Hundreds of Episcopalians march, calling for an end to gun violence

By Melodie Woerman
Posted Jul 8, 2022

Bishops line up behind a Bishops Unite Against Gun Violence banner July 8 at the start of a march marking the death of a man by gun violence the day before, just blocks away from the Baltimore Convention Center where the 80th General Convention is meeting. Photo: Melodie Woerman/Episcopal News Service

[Episcopal News Service – Baltimore, Maryland] A murder on July 7 near the site of General Convention and the urging of two bishops, including one who happened upon the scene as it unfolded, prompted a march of hundreds of people from the Baltimore Convention Center to an open area a few blocks from the scene of the shooting, coordinated by Bishops United Against Gun Violence.

According to news reports, 48-year-old Timothy Reynolds was shot and killed after an altercation with two young men who were washing drivers’ windshields at an intersection near Baltimore’s Inner Harbor, about two blocks from the Baltimore Convention Center where the 80th General Convention is taking place July 8-11. After words were exchanged, Reynolds got out of his car and swung a baseball bat in the direction of those who sometimes are called “squeegee workers,” one of whom shot Reynolds. He later was pronounced dead at a local hospital.

Bishop Susan Haynes of Southern Virginia, who happened upon the scene of yesterday’s murder, reads a passage from Isaiah. Photo: Melodie Woerman/Episcopal News Service

Bishop Susan Haynes of the Diocese of Southern Virginia told Episcopal News Service that she was walking back to her hotel yesterday afternoon when she saw first responders approaching a nearby intersection. She then noticed a body lying in the street and paramedics beginning to administer CPR, later placing the man into an ambulance. “I just felt the need to stay there and pray, because there was nothing else I could do,” she said. “I had a sense that this man was dying, and he needed to have prayer as he died.” Then, she said she “spoke a word of encouragement to the police officers and thanked them for their work.”

Haynes later learned of Reynold’s death on the news, and “I thought that if ever there was a moment when Bishops United Against Gun Violence need to make a witness, this was now.”

Bishop Bonnie Perry of Michigan, one of the convenors of Bishop United Against Gun Violence, also was thinking that the group should bear witness to the result of gun violence so near to where hundreds of Episcopal leaders are meeting. Haynes contacted Perry about 5:30 a.m. Friday morning and plans quickly were formed. Baltimore police blocked intersections so bishops, deputies and others could march safely during rush-hour traffic.

Bishops gathered in front of the convention center after the end of the afternoon session of the House of Bishops and behind an orange banner – the signature color of the call to end gun violence. They began to march through the streets, as members of the House of Deputies and others joined in, swelling the crowd to several hundred people. Marchers sang as they walked, adapting the words of old protest songs: “We’re gonna lay down our bats and guns, down by the riverside…” and “We shall end gun violence, one day… .”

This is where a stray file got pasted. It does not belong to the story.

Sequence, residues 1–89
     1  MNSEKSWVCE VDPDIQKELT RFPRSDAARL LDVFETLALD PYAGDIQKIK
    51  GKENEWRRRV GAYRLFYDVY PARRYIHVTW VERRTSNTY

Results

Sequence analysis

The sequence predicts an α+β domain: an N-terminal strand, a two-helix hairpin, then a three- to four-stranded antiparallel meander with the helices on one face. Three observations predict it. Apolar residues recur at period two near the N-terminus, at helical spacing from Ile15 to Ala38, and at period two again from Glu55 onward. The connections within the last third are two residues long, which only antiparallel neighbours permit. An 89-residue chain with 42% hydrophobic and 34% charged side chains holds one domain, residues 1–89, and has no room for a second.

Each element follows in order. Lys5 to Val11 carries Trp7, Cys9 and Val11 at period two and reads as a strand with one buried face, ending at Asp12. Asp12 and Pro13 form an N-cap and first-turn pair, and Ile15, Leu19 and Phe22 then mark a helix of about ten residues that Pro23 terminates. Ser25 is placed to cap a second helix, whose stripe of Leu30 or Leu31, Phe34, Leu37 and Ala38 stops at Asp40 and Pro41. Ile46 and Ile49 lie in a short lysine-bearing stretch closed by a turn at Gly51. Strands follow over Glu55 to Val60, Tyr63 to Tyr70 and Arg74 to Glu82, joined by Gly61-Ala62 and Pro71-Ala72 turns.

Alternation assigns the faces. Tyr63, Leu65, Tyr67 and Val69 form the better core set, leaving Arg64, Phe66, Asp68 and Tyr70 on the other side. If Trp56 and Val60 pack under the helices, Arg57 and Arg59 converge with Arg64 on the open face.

When marchers, who had been joined by local journalists, some onlookers and curious tourists, reached an area deemed large enough to accommodate the crowd, Perry noted the march was taking place “to remember all the victims – those where were attacked by a baseball bat, and for the folks who shot a person who died, for the structures of poverty and racism that cause things like this to happen, but mostly because of the ready, accessible nature of guns in our country.”

Bishop Eugene Sutton of the Diocese of Maryland, which is headquartered in Baltimore, then spoke. The bishops present came from many parts of the world but were there “to make a common witness against the tragedy that happened near this space yesterday,” he said. Noting that the area where the murder, and the march, took place once was where enslaved people lived and were jailed, now replaced by shops and a baseball stadium. The killing, he said, wasn’t an accident. “It was the bringing together of racism, of poverty and violence,” he added, “We’re going to pray for all of the victims – all of the victims of the violence that’s in their hearts, the violence that’s in their hands, and the violence that comes from angry people having access to guns.”

Haynes of Southern Virginia read a passage from Isaiah, and Bishops Deon Johnson of Missouri and Bishop Jennifer Baskerville-Burrows of Indianapolis led prayers. Presiding Bishop Michael Curry then gave closing remarks, noting that writer and abolitionist Frederick Douglass once said he heard God tell him not only to pray for freedom on his knees but also on his feet. Curry urged the marchers to “pray until no child of God, no one made in God’s image, will ever be sacrificed, that violence will leave this land and this earth. Pray that one day every man, woman and child can sit under their own vine and fig tree, and we’ll learn how to lay down our swords and shield, down by the riverside.”

Then in a call-and-response with the crowd, Curry urged that “we not study” war, violence and hatred “no more.” He then offered a blessing to those who had gathered, as marchers disbursed through nearby streets.

–Melodie Woerman is a member of the ENS General Convention news team and is the former director of communications for the Diocese of Kansas.